Pinhole cameras are almost comically primitive. All you need is a lighttight container, such as an oatmeal box, a cookie tin or a suitcase, with a hole in it. Typically homemade, pinhole cameras lack lenses, traditional shutters, light meters and focusing controls. Exposing a sheet of film placed inside may require 30 seconds, a couple of minutes or all day.
A growing number of serious art photographers now use pinhole cameras, often swearing off lens cameras altogether. This low-tech groundswell has been accompanied by a flurry of exhibitions, books, courses, how-to articles, cameras to buy or build, and, of course, Websites.
"The popularity of pinhole photography among art photographers is in part a reaction against the idea that a serious photographer is someone with six cameras slung over his neck who's constantly swapping lenses," says Terence Pitts, director of the Center for Creative Photography in Tucson, Arizona. "There's a strong determination to prove that it's the artist, not the equipment, that makes the image." Besides being primitive, a pinhole camera is cheap, and it almost guarantees an unusual result.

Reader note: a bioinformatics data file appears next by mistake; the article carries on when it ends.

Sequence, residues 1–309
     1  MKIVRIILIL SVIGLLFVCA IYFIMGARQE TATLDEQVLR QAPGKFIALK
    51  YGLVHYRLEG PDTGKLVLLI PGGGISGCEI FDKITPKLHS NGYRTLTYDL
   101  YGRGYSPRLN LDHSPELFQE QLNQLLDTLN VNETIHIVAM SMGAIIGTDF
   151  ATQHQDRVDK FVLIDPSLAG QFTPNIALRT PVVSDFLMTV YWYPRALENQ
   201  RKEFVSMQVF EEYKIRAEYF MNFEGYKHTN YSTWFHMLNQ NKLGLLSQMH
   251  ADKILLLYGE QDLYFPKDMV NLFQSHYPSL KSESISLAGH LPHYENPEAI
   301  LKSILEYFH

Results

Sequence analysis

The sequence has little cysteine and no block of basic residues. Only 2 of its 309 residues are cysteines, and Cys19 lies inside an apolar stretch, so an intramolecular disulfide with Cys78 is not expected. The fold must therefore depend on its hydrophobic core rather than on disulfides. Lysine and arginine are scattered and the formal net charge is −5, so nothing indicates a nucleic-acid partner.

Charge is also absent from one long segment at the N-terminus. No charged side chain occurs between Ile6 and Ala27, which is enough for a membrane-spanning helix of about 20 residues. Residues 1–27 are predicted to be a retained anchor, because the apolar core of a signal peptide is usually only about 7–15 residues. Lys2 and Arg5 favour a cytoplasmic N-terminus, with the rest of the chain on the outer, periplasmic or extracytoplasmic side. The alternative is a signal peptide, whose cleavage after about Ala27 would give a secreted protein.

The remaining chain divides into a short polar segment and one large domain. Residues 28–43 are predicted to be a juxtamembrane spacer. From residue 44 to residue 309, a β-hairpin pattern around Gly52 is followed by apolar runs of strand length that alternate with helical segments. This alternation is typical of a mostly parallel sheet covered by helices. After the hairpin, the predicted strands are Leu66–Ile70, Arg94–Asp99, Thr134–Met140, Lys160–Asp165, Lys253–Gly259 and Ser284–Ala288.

A pinhole camera is a slow camera in a fast world. It doesn't admit very much light, so you must wait patiently as enough accumulates on the film to make a picture. With this camera familiar objects and landscapes are altered in a way that even a photographer can't predict. That, however, appears to be the attraction. Ilan Wolff, an Israeli-Dutch photographer living in France, has wrapped film inside the back of tilted cylindrical containers to produce weirdly distorted images of bridges, bedouins and cityscapes. "Every image is a surprise, which fascinates me," he says. Why take a picture, he asks, if you know exactly how it will turn out?